Republicans have been complaining about as of late. They say Democrats are
being over sampled in all of these polls. By the way, the same Fox News
poll showed 42 percent identifying as Democrats and 36 identifying as

This Republican talking point has gotten new life because of a website
claiming to fix all these inaccurate polls that are out there. It changes
every national poll to fit the party breakdown used by Scott Rasmussen of
Rasmussen Reports. But Scott Rasmussen said, "you cannot compare partisan
weighting from one polling firm to another. Different firms ask about
partisan affiliation in different ways."

So even the hero pollster of the right debunks the idea that all these
national polls should be retooled to fit his methods.

Let`s bring in Democratic strategist Chris Kofinis tonight. Chris,
great to have you with us. I think we`ve seen it all now. This is a heck
of a sale job going on. The right wing is going full tilt on this,
claiming all of these polls are over sampling Democrats. Have at it.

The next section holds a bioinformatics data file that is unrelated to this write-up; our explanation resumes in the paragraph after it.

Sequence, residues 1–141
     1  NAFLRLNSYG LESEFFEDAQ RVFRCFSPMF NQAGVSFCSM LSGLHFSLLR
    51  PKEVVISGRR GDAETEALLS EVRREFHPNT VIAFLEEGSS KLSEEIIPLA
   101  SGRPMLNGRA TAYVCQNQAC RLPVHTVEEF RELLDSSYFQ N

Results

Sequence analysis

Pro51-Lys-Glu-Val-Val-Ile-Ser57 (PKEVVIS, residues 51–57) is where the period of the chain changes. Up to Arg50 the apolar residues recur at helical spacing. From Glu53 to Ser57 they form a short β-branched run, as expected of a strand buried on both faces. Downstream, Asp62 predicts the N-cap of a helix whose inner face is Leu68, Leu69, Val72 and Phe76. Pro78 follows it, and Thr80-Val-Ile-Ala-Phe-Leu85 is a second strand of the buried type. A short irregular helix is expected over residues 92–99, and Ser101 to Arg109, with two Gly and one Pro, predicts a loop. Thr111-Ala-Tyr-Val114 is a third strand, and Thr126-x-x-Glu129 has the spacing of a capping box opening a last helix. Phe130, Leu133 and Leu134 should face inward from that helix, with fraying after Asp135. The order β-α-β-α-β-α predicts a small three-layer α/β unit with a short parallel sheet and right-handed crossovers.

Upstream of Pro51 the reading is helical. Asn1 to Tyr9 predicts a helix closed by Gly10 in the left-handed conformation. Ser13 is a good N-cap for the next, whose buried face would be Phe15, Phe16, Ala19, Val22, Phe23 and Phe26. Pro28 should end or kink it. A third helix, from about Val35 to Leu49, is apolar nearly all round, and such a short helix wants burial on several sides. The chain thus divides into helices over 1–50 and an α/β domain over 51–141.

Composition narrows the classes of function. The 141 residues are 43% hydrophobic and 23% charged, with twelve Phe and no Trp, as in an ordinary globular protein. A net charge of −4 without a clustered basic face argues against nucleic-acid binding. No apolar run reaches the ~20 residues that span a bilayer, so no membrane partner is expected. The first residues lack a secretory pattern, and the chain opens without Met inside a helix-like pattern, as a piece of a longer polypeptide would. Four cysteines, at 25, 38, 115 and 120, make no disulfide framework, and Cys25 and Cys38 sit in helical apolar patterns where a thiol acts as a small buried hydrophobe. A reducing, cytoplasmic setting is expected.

CHRIS KOFINIS, DEMOCRATIC STRATEGIST: Even if, for example, you cede
the argument that occasionally you`re going to have polls that are off,
because that`s the nature of polling. You`re never going to have
consistency across every poll. And even if you give the argument and say,
you`re right, there are some methodological differences in the models that
different polls use to determine likely voters, tell me the poll where
Governor Romney`s ahead.

I mean, show me the poll where he`s ahead in Florida. Show me the
poll where he`s ahead in Ohio. He`s behind in almost every single
battleground state, except potentially North Carolina. And there are polls
showing him behind there.

Part of the problem here is you can scream about public polling and
how inaccurate it is. The reality is, no one believes, not even I think
Governor Romney`s campaign, believes they`re ahead in any of these critical

SCHULTZ: Here`s Rush Limbaugh and Steve Doocy on the conspiracy
theory. Here it is.


RUSH LIMBAUGH, RADIO TALK SHOW HOST: They want you thinking your
side`s lost. They want you thinking it`s over for what you believe. And
that makes you stay home and don`t vote.

UNIDENTIFIED MALE: They`re going to show Mr. Obama way up in the
polls just to tamp down enthusiasm, so republicans go, why even bother


SCHULTZ: It`s that liberal media. We`re going to be out there
suppressing the Republican vote. Does the Obama campaign need to even